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Volume 69, Issue 2 p. 463-472
Division S-5—Pedology

Mapping and Classification of Southwest Virginia Mine Soils

Kathryn C. Haering

Kathryn C. Haering

Dep. of Crop and Soil Environmental Sciences, Virginia Polytechnic Institute and State Univ., Blacksburg, VA, 24061-0404

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W. Lee Daniels

Corresponding Author

W. Lee Daniels

Dep. of Crop and Soil Environmental Sciences, Virginia Polytechnic Institute and State Univ., Blacksburg, VA, 24061-0404

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John M. Galbraith

John M. Galbraith

Dep. of Crop and Soil Environmental Sciences, Virginia Polytechnic Institute and State Univ., Blacksburg, VA, 24061-0404

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First published: 01 March 2005
Citations: 20

Abstract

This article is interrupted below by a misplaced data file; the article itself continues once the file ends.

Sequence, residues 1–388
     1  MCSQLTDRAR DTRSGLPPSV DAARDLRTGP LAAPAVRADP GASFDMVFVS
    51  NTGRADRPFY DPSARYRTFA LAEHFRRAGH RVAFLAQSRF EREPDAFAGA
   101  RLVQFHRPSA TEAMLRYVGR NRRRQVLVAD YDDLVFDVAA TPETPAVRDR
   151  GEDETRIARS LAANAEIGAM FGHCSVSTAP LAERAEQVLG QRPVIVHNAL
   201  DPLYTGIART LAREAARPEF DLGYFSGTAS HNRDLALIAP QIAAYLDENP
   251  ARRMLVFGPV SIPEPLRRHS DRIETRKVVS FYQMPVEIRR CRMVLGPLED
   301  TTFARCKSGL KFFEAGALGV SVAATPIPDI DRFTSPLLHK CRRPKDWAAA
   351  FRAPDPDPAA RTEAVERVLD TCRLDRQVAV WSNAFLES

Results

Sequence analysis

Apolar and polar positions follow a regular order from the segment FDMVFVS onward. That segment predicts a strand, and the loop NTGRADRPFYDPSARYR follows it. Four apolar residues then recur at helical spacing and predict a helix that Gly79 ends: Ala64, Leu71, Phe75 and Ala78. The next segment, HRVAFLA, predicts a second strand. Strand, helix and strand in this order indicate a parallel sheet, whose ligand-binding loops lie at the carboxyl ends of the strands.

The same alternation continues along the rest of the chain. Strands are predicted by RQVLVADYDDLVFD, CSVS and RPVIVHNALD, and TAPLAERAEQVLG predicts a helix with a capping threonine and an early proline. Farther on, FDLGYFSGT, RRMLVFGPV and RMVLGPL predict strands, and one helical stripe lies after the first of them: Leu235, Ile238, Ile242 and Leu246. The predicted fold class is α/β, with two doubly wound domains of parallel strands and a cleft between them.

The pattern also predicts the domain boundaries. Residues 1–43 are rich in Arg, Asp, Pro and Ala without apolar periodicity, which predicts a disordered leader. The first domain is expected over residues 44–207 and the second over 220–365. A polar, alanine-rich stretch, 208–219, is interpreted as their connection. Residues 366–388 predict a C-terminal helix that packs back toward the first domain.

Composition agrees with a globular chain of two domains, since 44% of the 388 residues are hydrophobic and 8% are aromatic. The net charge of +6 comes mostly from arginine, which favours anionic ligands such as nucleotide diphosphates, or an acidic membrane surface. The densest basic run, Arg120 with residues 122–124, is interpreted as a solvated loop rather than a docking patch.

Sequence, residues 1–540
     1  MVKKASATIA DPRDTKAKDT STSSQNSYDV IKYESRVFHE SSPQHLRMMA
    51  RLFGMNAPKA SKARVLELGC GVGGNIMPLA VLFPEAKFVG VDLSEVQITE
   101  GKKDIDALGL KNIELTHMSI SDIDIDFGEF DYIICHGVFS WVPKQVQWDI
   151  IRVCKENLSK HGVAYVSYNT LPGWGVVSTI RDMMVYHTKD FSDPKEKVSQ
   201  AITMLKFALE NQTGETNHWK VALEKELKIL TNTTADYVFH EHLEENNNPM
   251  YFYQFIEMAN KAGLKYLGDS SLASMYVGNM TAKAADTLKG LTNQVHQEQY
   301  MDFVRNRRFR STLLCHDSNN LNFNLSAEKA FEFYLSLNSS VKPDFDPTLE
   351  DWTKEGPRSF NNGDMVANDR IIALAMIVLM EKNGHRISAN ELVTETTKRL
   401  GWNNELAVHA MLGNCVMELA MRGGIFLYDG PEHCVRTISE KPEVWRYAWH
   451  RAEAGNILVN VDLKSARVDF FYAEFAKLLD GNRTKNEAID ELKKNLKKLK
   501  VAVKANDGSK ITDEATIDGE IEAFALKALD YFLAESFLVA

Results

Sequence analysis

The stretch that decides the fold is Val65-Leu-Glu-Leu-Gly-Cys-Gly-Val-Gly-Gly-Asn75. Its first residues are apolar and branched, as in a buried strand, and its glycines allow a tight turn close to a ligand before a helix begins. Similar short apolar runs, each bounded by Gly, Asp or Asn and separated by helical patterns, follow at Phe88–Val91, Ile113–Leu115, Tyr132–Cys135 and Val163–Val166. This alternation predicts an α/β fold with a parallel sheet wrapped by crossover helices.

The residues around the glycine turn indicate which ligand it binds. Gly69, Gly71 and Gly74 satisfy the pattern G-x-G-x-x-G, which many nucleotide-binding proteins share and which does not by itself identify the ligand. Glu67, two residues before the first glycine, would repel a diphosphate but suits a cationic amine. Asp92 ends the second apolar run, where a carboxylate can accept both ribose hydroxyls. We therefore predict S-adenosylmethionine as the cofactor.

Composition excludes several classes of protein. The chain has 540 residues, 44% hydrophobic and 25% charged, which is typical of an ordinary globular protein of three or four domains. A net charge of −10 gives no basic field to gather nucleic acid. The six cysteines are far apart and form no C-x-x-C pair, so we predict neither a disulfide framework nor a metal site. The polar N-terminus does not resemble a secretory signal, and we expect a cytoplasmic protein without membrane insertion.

Mine soils on central Appalachian coal-mined lands are currently classified by the Soil Taxonomy as Typic Udorthents, which does not distinguish these unique anthropogenic soils from other weakly developed natural soils. Our overall objectives were (i) to critically evaluate currently available USDA-NRCS mine soil series for classifying a range of mine soil pedons in southwest Virginia, and (ii) to compare two different approaches for detailed Order 1 soil mapping of these highly altered landscapes. Using established series concepts, we mapped and classified 450 ha of mine soils in an area that had been recently reclaimed, and we used these same series concepts to reclassify mine soils in an older adjacent and overlapping 250-ha mine area that had been mapped using nontaxonomic mine soil classification criteria in 1980. Established mine soil series provided adequate information on particle-size and reaction class, but did not adequately describe drainage class, rock type, or parent materials. Classification differences occurred on well-drained soils primarily at the family level and below. There are no established series that describe mine soils with impeded drainage, densic layers, and shallow or moderately deep depth classes, all of which commonly occurred in this study area, and are important criteria for separating soil series. Cambic horizons were also described, and generate classification issues at the order level. Because reaction class, drainage class, densic contacts, and soil depth directly affect soil management, we feel that it is important to recognize these features by establishing new mine soil series or phases of established series. Detailed Order 1 map scales (≤1:12000) are required to adequately resolve and delineate strongly contrasting mine soil landscapes, particularly on older (pre-1977) mined lands.